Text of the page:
The forbidden nature of Ariel’s love for Eric draws parallels to queer romance in disapproving world. Ursula is literally based on prolific drag queen actress Divine, and her help with getting Ariel to her forbidden love can be read as the mermaid finding her found family. The queer allegories and references are integral to the film. But the allegory extends beyond forbidden romance for some viewers. Part of Ariel yearning to be part of the surface world comes with a desire to be human. She literally wants to lose her fins and instead have feet. This wish to be in a different body naturally resonates with the transgender community. Many trans people suffer from body dysmorphia on top of gender dysphoria. Body dysmorphia, very loosely speaking, is the feeling that you’re trapped in a body which isn’t necessarily yours. It often comes with the urge to change one’s appearance to hopefully match with the body one feels they belong in. Ariel longs for a different body, but her father doesn’t just forbid her from contacting those with the other kind of body, but claims everyone with a human body is dangerous. That sounds very similar to transphobic parents forbidding their children from having contact with transgender people and teaching them that transgender people are dangerous!

Ariel’s story lends itself well as a trans allegory, especially if you’re looking. She feels like a misfit in her own body. Even though she doesn’t have her voice, Ariel seems to be in her element as a human. She barely takes any time adjusting to having feet on the ground after having spent sixteen years with fins underwater. This new body feels almost better suited for her than her mermaid body. She dances gracefully and is quite agile on her feet. Moreover, she appears genuinely happier in a human body, and when at the end, King Triton changes her into a human, she glows up at the prospect of being able to live as a human, no strings attached. The allegory extends even further when you consider Ursula’s role in the story. Triton’s trident could have given Ariel what she had been looking for, but he had held back, and as a result, Ariel found herself agreeing to a shady deal with a witch. This is similar to the experience of transitioning transgender people who end up relying on untrustworthy sources of therapy and surgery when they’re denied gender-affirming healthcare. Also, Ariel’s transformation back into a mermaid makes every human being around her react with a shocked gasp. She would never fit in with them in her mermaid state. This reminds me of the stigma many transgender individuals face from their own community when they don’t choose to transition.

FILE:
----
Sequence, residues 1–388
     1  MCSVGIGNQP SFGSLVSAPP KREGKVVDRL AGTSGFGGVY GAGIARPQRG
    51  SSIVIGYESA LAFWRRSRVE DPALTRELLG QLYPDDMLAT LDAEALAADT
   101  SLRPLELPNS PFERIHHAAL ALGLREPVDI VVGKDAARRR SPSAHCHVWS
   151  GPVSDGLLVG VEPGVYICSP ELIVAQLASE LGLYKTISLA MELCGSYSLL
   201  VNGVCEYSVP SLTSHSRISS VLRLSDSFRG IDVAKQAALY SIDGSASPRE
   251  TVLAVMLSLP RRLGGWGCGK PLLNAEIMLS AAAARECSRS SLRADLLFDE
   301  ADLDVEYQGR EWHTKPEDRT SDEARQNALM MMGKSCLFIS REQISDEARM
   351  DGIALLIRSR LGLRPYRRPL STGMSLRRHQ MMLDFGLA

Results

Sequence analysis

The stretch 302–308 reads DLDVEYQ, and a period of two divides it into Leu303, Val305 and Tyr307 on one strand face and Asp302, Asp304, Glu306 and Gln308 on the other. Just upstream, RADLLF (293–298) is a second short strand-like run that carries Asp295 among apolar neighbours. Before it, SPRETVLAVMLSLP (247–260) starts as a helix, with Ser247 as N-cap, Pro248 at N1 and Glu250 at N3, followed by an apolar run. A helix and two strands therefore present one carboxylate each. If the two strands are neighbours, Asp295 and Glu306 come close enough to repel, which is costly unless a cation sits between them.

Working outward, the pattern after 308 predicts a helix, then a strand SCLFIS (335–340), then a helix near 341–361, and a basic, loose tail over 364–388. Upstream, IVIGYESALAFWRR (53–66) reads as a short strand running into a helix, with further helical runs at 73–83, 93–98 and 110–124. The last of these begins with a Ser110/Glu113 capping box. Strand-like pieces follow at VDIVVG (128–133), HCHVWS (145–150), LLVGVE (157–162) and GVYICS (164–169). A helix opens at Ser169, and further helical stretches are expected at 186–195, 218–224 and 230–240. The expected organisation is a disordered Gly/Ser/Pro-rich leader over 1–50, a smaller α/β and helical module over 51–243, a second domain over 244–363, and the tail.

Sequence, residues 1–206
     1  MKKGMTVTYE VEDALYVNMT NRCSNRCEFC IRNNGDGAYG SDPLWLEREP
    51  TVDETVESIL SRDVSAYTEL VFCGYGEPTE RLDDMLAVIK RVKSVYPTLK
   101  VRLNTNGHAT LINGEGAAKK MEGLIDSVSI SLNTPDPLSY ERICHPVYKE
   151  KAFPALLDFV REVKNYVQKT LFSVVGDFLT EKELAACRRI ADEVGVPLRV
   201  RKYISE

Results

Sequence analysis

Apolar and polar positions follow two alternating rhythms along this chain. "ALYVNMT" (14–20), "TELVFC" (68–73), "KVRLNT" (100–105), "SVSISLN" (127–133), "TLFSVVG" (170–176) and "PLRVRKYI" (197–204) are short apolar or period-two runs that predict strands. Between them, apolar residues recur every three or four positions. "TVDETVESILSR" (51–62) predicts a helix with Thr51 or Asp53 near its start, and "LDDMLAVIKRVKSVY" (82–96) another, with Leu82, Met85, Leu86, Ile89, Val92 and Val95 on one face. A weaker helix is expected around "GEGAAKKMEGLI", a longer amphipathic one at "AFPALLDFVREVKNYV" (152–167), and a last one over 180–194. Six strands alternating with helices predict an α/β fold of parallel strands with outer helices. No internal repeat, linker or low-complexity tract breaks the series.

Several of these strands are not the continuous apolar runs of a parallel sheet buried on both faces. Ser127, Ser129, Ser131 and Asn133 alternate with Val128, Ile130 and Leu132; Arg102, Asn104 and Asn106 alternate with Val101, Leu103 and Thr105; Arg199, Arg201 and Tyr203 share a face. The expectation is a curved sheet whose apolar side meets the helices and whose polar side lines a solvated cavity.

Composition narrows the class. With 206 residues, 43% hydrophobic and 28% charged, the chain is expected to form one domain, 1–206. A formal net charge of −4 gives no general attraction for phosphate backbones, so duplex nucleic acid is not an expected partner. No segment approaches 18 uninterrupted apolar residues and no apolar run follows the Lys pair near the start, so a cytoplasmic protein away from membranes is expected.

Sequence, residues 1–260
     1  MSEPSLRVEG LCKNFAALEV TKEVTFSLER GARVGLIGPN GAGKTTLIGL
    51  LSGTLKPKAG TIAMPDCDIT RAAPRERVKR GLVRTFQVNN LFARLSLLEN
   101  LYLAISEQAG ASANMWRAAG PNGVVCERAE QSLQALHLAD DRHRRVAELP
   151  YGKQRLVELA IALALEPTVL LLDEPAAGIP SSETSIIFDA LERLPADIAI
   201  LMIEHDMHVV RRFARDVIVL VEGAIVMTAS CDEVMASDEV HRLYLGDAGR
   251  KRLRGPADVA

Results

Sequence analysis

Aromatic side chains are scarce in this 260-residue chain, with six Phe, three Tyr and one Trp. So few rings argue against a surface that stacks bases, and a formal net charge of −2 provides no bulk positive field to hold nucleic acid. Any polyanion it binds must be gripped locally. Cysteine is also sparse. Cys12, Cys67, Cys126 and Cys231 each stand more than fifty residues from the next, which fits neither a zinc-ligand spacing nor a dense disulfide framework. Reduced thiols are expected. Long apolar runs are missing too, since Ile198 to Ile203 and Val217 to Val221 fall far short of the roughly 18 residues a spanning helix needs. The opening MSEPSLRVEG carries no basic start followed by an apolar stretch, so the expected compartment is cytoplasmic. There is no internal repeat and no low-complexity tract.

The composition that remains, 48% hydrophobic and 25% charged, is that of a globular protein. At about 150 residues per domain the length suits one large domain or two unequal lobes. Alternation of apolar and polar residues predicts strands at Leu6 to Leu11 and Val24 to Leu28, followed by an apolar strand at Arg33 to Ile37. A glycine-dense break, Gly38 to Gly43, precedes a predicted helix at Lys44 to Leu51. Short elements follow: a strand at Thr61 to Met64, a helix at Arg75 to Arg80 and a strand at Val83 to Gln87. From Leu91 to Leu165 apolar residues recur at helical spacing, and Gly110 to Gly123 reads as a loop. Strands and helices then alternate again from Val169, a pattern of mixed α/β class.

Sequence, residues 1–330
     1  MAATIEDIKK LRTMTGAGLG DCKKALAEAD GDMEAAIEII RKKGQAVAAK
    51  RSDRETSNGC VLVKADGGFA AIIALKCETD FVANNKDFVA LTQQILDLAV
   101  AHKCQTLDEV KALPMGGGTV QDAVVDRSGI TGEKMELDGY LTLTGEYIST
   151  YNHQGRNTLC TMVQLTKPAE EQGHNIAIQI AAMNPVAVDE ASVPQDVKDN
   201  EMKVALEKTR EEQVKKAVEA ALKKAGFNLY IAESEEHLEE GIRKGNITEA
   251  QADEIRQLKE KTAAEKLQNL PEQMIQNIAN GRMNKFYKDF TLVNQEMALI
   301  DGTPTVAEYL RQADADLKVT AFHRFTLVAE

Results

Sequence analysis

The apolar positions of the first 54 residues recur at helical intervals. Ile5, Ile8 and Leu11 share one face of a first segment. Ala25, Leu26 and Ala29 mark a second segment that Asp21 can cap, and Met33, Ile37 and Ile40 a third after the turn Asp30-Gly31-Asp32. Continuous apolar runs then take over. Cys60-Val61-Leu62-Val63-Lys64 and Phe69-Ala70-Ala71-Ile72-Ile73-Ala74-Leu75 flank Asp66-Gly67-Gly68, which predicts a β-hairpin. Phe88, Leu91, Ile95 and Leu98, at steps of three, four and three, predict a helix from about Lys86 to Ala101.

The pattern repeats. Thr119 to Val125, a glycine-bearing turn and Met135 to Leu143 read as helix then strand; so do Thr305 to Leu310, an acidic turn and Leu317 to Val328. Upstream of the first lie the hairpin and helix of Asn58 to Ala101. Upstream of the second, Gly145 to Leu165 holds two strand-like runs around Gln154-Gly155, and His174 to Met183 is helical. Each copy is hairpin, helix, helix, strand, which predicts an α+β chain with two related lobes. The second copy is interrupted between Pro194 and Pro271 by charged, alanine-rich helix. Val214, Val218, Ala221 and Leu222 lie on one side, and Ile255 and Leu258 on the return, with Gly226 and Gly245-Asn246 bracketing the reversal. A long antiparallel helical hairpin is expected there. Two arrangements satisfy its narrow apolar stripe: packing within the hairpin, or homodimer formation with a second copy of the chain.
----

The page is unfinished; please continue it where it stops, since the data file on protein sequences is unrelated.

Ariel feels at home in the body that aligns with her heart, not the one that aligns with her birth. She isn’t human because it’s better than being a mermaid, she’s human because it is who she is meant to be, and her happiness is all that ultimately matters.

Hounorable Mention

Along with the film I analysed here in depth, there’s are countless more animated features which come to mind when I think of trans allegories. The first has to be Disney’s Mulan (1998) dir. Tony Bancroft, Barry Cook. It has a legacy for the transgender community and is probably Disney’s most obviously trans story.